Authors fall into this odd little cranny between entrepreneur and passionate artist. Because of that, we commonly find ourselves flipping from one extreme to another - furiously scribbling our stories during jolts of inspiration to banging our heads against our desks and chugging stale coffee because the words just won't come. Juggling both aspects and maintaining balance between both sides can easily become draining and emotionally taxing.
Deadlines, plot holes, and your inner self-talk begin to lead to overwhelm, self-doubt, and burn out. All of that can spiral into one hot mess of a writer's rut, leaving us feeling defeated.
Friend, that is not what I want for you and your author journey. That is the exact reason why you'll commonly hear me shouting about self-care and urging writers to incorporate it into their daily lives. Yes, daily!
Here are five essential self-care practices that will help minimize the internal and external chaos. Let’s dive in!
1) Own It - You Are An Author
Before we go any further, there is something I need you to know. Do you write books? Do you use your mind to create characters and worlds and plots? Yes?
You are an author.
Now you may be thinking-
but I don't write every day
but I don't have a published book yet
but I don't have as many readers as this other writer
A book deal isn't the qualifying factor to being an author. If you have made the decision to take your writing seriously and write your stories - then you are an author. It's that simple! Use that title, friend. Claim it.
2) Develop A Healthy Schedule
ARG! The dreaded "p" word... yep, I'm going to say it.
Everyone knows I'm all about planning and scheduling and goal setting. They are so essential to success and a happy well being. A healthy schedule will include the following:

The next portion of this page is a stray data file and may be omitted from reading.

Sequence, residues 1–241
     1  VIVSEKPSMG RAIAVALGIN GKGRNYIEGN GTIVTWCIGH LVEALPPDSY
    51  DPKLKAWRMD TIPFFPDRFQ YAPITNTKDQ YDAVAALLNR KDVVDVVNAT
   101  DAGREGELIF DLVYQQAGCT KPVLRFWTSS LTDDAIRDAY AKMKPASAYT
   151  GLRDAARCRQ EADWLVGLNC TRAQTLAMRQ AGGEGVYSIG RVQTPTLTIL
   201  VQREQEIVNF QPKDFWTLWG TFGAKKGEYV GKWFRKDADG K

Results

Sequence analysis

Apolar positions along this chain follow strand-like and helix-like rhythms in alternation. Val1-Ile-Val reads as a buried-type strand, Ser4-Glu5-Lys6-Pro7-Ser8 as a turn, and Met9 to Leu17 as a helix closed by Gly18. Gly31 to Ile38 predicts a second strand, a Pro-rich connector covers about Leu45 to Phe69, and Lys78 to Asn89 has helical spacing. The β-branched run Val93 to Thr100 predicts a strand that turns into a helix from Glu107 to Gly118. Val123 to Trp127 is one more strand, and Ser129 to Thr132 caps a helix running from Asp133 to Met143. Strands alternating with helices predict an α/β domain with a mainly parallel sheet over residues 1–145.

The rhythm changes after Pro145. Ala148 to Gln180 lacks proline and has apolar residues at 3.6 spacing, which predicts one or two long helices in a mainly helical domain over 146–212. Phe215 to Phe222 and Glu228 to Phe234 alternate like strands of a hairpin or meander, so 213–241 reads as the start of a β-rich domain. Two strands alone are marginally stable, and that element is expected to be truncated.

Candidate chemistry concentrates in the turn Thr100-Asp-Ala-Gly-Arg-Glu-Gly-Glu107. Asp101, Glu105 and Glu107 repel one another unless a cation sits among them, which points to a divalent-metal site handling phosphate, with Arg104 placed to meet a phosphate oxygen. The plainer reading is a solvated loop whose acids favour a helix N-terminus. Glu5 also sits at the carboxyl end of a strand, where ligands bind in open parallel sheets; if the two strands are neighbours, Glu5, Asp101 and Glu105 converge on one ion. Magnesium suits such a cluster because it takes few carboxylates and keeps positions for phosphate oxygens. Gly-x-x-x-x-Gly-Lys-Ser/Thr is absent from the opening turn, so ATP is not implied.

- A solid morning routine that sets you up for success each day.
- A daily schedule with boundaries on work time vs family / personal time.
- A weekly schedule with white space
- White space is when you plan absolutely nothing. Yes, really. Give yourself that free time, that buffer space.
- A writing schedule that gives you enough time to write joyfully and without guilt of an approaching deadline that was placed too near in the future.
- A business schedule that gives you the time to work on your business vs in. That includes maintenance tasks, marketing efforts, and all those non-writing related things that come with authorpreneurship.
3) Find A Community
Writing can be lonely work. Especially if you are surrounded by non-writers who just don't get it. It's easy to let their doubts creep into our own minds.
That’s why finding a community of like-minded writers is so important! Introverts - I know what you are thinking - and that doesn't mean you have to go jump into a local writers group gathering (though you totally can). The internet is a wonderful place that can bring folks together from all over the globe - and you don't even have to change out of your coffee-stained yoga pants to get involved!
There are tons of micro-writing communities across the web on all sorts of platforms where you can seek support, encouragement, and community- Facebook, Instagram, Youtube.
4) Set Up Systems To Serve You
What? Systems are self-care? Of course, they are!
Some side effects of authorship include overwhelm, disorganization, feeling frazzled, too many genius ideas to know what to do with, and drowning in notes. Nothing is worse than sitting down to work and having to shuffle through a million notebooks, computer files, and planners.
Or even worse - finding out you've lost something (or an entire manuscript file) before getting the chance to back it up!
That's no way to thrive, friend. It's time to set up an organized system that serves you and makes your life easier. My favorite tools for this are Google Drive and Trello.
5) Care For Your Body
Slouching over a computer screen all day does horrors for both your body and your mind. Do them both a favor and care for them. Schedule in daily movement and rests. This could look like:
- A short yoga session
- Morning meditation
- The pomodoro technique (20 minutes of focused work followed by 5 minutes of rest)
- Body stretches between writing sprints
- An afternoon walk
- An evening journaling session
- Making sure you are drinking enough water (sorry, coffee)
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